In partnership with GENYOUth, a national nonprofit that creates healthier school communities, Safeway and Albertsons and other contributors are funding grants to supply much-needed resources for meal distribution and delivery. Nationally, more than $10 million has been deployed in emergency funding supporting more than 8,600 schools.
From soft-sided coolers, bags and containers for individual servings, to protective gear for food service sanitation and safety, this equipment will ensure that children continue to receive the nutritious meals they need.
“Our meal program has provided nearly 200,000 meals free of charge to the children in our community over the last 6 months,” said Alex Singer, Nutrition Services Director for Central School District in Independence/Monmouth. “The support from Safeway and Albertsons has shown how communities can rise up and come together to support the needs of children.”
Through donations at the cash register, the Nourishing Neighbors program raises awareness, engages volunteers and raises funds to support innovative and effective programs throughout the country. The program ensures every child in America has access to nutritious food. It is part of the Albertsons Companies Foundation, which has invested over $1 billion in communities nationwide since 2001.
“I truly hope our customers know that when they say yes at the PIN pad, they are helping children in their very neighborhood receive immediate and much needed hunger relief,” said Gineal Davidson, President, Portland Division of Safeway Albertsons.
Oregon’s dairy community loves what they do. They work hard every day caring for their land and animals, and providing your family with essential nutrition.
During this pandemic, food heroes including farmers, processors and grocers are working hard to get products to you, from farm to fridge. But don’t just take our word for it, here they are in a short video to tell you themselves.
While things have not been perfect, and this world looks extremely different than it did a few months ago, Oregon’s dairy community has rallied together to make sure everyone gets the food that they need, through your grocery stores, to your schools, and through Oregon’s food banks.
So whether you need essential nutrients found in dairy products, or just come good ol’ comfort food, dairy farm families across the state, like the Lancaster family, Heimerl kids, Wismer triplets, Krahn girls, processors Darigold and Tillamook Creamery, Darleen from Guernsey Dairy Mama and Derrick from TDF Honest Farming want you to know “we’ve got you covered.”
Quinoa, kale, Brussels sprouts, tamales, green smoothies. These are all foods you might find in a trendy restaurant … or on a lunch tray in your local school cafeteria.
School lunches are fast overcoming their stereotypical reputation as bland and uninspired through some creativity and innovation by school nutrition professionals. On this National School Lunch Week, let’s take a look toward the future.
If you’ve ever tried to concentrate on something when you’re really hungry, you’ll understand that students don’t perform at their best without a nutritious lunch, which they won’t eat unless it tastes good. Schools are committed to providing great food in their cafeterias, and it can be challenging to be innovative when there are so many considerations, including:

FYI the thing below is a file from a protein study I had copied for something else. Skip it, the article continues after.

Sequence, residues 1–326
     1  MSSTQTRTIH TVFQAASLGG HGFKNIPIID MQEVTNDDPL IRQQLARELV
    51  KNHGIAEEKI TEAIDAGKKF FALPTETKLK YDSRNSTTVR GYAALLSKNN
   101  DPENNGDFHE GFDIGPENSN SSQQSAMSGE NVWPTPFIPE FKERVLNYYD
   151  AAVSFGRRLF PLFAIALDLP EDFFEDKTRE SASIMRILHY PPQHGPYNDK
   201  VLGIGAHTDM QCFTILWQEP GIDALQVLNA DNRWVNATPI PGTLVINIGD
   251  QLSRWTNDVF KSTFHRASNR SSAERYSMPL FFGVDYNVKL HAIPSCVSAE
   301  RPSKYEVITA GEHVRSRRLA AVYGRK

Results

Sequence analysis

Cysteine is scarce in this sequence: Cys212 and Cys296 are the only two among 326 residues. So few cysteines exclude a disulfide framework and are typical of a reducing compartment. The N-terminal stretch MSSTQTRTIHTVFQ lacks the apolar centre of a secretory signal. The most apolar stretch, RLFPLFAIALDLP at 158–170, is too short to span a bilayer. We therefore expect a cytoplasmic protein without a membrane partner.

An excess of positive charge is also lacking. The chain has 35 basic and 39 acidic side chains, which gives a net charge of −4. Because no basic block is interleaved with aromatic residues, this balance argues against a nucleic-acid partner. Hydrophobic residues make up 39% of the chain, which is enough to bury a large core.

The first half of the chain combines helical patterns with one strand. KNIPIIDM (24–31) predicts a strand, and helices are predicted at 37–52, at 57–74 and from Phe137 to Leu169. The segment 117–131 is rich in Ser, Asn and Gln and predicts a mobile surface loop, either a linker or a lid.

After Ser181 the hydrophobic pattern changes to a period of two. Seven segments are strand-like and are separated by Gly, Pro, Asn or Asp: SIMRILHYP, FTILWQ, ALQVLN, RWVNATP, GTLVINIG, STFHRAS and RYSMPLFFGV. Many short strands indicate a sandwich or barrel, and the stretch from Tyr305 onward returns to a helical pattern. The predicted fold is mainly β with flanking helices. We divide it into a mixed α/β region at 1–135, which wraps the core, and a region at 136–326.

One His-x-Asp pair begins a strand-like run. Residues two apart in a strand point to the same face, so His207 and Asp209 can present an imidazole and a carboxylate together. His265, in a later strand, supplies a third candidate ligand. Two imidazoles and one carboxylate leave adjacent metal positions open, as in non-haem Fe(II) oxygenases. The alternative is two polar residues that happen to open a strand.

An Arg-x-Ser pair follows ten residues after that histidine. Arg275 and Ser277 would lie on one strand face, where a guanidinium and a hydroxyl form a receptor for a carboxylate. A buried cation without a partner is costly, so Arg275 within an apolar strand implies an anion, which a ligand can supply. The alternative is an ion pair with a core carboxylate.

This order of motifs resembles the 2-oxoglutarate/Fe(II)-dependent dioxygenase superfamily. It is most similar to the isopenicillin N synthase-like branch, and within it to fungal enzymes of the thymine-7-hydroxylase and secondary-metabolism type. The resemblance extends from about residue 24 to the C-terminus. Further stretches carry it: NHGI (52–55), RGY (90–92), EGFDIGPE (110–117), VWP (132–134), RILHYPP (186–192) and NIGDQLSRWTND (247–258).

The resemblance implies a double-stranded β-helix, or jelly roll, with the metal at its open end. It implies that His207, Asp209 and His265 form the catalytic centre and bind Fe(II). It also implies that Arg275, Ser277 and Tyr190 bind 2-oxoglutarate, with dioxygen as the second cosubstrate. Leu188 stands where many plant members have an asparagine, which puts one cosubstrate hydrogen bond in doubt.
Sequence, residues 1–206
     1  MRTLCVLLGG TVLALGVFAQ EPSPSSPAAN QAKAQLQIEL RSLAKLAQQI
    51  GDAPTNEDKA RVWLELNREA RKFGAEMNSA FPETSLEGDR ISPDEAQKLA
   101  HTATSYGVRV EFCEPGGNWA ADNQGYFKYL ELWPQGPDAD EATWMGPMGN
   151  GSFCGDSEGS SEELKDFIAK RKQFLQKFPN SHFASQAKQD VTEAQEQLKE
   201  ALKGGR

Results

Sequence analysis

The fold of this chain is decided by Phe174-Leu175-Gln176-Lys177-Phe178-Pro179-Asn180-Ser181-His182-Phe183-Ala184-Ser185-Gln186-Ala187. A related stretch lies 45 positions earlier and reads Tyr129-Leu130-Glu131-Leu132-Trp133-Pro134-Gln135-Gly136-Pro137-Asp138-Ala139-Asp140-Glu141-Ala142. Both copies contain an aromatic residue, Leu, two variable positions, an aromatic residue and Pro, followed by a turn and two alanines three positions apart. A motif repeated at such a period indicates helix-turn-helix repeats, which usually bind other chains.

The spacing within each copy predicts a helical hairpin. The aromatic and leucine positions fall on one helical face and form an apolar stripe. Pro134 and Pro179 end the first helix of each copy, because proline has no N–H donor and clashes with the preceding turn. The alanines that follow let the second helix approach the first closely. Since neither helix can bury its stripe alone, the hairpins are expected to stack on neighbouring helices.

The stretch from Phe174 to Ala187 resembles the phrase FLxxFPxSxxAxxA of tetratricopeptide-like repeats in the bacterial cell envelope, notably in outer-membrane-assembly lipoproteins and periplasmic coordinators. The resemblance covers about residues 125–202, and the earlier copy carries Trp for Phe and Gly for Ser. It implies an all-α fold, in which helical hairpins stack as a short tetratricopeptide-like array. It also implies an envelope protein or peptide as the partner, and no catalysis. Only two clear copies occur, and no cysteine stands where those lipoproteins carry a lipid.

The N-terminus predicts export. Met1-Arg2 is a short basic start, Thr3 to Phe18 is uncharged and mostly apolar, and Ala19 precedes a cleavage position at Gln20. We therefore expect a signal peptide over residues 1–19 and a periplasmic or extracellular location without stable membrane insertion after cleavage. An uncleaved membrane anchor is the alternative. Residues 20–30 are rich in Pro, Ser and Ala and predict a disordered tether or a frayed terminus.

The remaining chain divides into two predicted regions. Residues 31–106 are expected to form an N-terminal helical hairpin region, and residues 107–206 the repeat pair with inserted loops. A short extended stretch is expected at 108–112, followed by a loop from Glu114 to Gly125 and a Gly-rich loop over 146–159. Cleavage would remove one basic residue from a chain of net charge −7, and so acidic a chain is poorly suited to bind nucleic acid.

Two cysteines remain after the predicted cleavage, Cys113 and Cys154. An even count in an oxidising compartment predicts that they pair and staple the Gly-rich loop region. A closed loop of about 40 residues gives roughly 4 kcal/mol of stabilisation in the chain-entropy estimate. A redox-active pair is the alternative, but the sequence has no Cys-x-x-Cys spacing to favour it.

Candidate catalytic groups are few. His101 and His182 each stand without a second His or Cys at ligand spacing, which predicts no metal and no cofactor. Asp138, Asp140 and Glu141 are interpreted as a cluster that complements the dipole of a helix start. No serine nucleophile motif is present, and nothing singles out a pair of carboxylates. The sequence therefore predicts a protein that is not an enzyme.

• Making it tasty for a wide range of food preferences
• Making it easy to eat in a short period of time
• Cost and budgetary concerns
• Regulations and nutrition standards
• Allergies and dietary restrictions
• Sourcing and availability
• Food safety, storage and logistics
• Limiting food waste
Schools and school districts may operate differently, yet they share the common goal of providing meals their students actually want and will eat. These meals fuel students with the needed nutrients to grow and think. Improving menus can take some creativity, and that’s why culinary training events have proven so popular over the past nine years in Oregon.
Jessica Visinsky, a Registered Dietitian and trained chef, travels the state to teach child nutrition professionals about new recipes, knife skills, menu requirements and strategies to promote healthy eating. The trainings are sponsored by the Oregon Dairy and Nutrition Council and the Oregon Department of Education Child Nutrition Programs, and are offered at no cost to the schools.
As a result, school nutrition professionals are preparing more scratch recipes, often from the Oregon State University Food Hero program. Check out Food Hero for recipes that can be made at home and with kids. Students have responded positively. Many also explore farm to school opportunities to include seasonal fruits, vegetables and other local foods year-round.
The school lunch of the future will likely include more fruits, vegetables and whole grains. Some are taking a serious look at plant-based diets and some are looking at local, sustainably sourced center-of-the-plate proteins such as seafood and beef. These are all complemented well by the nutrition provided in dairy products like milk, cheese and yogurt. Restrictions will continue for sodium, sugar and unhealthy fat, driven by science and recommendations from USDA Dietary Guidelines for Americans.
You don’t have to gaze into a crystal ball to see the future of school lunches is looking bright. On this National School Lunch Week, we salute all of those who work so hard to put nutritious and delicious foods on our students’ trays. Thank you!